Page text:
Apparently there is a lot still possible, not sure that the species at the end of their tether would agree, or the last person I spoke to who lost their Dad, or the ache in a heart for a job yet to materialise … it is hard to believe what is still possible, when you find yourself in an impossible or unbelievable situation. The house has burned down, the trees crashing and falling as the flames take flight and find their way to the ground with more prowess than a gold medal Olympic hurdler. To be both still and hold possible in the one sentence, in those circumstances, seems a real stretch. And yet as the poet (David Whyte) says the words still possible and in his mouth the sound of a lilt and an echo to a greater poet (Mary Oliver), I am captivated and musing on what might be still possible in my own life, and indeed for my own species.
Is it still possible to draw down on the carbon? Is it still possible to end patriarchy? Is it sill possible to have a just settlement? Is it still possible to have another slice of chocolate cake (as Crowded House asked of Tammy Baker) ?
What makes something possible in the first place, something that is capable of coming true? When I apply that definition I find I am more hopeful about the carbon scenario than I am about patriarchy and colonialism, even though I see them all inextricably entwined. The root of the word comes from the Latin, be able. When you enable, the door to power opens, and so perhaps there is a clue here about the relationship between possibility and power?
I am noticing shifts all around me lately. Shifts of power, some beautifully and generously gift wrapped and passed on, others reluctantly barely camouflaging ignominy and leaving a taste of bitterness in the transaction. The happy ones come with ease, are in flow, going in the direction of joy and bending the bow with hope and imagination. These are the transformational shifts.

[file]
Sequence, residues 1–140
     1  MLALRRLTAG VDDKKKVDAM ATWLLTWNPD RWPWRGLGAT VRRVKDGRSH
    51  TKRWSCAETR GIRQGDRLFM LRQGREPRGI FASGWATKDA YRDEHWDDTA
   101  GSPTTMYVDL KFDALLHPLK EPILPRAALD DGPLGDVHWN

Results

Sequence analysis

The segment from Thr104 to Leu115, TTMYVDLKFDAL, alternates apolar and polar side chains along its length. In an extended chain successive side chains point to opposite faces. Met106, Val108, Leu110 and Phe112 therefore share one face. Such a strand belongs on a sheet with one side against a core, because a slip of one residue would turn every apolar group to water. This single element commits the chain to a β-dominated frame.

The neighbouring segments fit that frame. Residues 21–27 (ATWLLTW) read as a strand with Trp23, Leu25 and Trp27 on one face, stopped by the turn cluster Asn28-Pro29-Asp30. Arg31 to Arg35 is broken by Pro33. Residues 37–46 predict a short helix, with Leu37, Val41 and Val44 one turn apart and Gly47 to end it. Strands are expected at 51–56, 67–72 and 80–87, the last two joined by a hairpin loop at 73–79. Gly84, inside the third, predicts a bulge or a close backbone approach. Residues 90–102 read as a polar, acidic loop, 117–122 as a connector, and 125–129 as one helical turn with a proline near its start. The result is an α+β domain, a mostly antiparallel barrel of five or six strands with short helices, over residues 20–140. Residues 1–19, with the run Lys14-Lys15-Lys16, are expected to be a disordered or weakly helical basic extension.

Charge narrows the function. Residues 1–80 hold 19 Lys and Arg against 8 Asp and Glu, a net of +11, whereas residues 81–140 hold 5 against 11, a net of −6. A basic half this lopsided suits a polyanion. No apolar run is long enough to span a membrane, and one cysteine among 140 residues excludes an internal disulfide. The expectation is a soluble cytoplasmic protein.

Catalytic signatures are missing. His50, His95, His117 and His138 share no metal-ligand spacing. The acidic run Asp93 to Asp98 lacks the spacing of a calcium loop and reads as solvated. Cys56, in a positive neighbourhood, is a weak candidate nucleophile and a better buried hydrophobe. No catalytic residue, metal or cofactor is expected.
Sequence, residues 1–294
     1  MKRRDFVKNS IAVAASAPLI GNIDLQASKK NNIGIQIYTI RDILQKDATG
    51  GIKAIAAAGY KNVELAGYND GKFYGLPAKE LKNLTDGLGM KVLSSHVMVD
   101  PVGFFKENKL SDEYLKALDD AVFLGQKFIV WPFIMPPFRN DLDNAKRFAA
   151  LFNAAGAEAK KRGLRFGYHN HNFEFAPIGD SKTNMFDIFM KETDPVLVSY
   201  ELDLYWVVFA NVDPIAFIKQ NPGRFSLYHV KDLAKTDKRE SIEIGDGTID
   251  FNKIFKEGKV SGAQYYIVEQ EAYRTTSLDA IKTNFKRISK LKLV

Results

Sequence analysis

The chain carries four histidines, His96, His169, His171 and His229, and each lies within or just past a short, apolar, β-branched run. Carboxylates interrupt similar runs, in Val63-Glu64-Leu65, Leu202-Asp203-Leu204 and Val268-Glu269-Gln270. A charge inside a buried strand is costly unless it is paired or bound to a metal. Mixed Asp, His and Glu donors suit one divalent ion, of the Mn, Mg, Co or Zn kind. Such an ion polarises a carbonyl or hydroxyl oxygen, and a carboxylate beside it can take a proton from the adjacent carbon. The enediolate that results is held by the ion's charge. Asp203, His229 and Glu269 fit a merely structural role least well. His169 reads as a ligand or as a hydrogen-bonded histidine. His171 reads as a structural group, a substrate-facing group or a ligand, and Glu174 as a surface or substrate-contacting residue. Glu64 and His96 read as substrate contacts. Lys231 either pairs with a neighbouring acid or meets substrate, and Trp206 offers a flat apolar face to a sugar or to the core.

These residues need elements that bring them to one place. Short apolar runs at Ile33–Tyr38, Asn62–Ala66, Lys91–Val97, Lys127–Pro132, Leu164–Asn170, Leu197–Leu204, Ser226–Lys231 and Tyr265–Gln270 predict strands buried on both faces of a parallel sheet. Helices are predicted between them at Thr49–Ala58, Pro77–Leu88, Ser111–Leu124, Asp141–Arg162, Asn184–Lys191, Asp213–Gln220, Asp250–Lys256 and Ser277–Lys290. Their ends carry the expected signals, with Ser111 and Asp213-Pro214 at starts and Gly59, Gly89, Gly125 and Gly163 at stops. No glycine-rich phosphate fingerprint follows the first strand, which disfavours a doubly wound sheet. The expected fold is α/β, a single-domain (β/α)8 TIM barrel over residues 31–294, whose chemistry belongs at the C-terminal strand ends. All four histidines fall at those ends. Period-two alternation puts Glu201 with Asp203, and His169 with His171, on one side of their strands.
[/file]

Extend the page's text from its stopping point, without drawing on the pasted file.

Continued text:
Some things just aren’t possible without a shift in power, and the shift might be inside of you, as I have discovered. Letting an old part of myself wake up again and take her place in the pantheon of Self. This, has required relinquishing power of one part and letting the power of another take up residence again.
I shifted, moving my weight from one side to another, picked up the guitar and played it in public –a small public – in a place originally known as Warri-Pari, and now known as Warriparinga. It means Windy Place by the River and for thousands of years been a place of ceremony for Kaurna. It was a fitting place for me to sing and play guitar in public for the first time in probably 30 years. I was grateful for the laughter and spunk of the occasion in a place where an ancient 500 year old Eucalyptus camaldulensis, River Red Gum lives majestically. This place is where the Tjilbruke dreaming begins, central to Kaurna lore and law. So here I was strumming my guitar and belting out a Patti Smith number, Power to the People and calling on my own spirits to remind me what is still possible. I was definitely able to awaken a yearning to get to the ballot box from the gathered who had been scattered an unable to be together for two years of pandemic separation.
It was windy, the sun was setting, there was water in the creek and the magpies arrived to join in on cue. I loved how all the elements and creation treated me as an ally and the happy crew around me joined in the chorus. Definitely felt a blessing on the purta (seasonal spring winds) and cobwebs being blown away by the time I got to the end of the first verse. Meeting the moment, not a rehearsal for something sometime in the future, but an unfolding in real time of what is possible and still possible.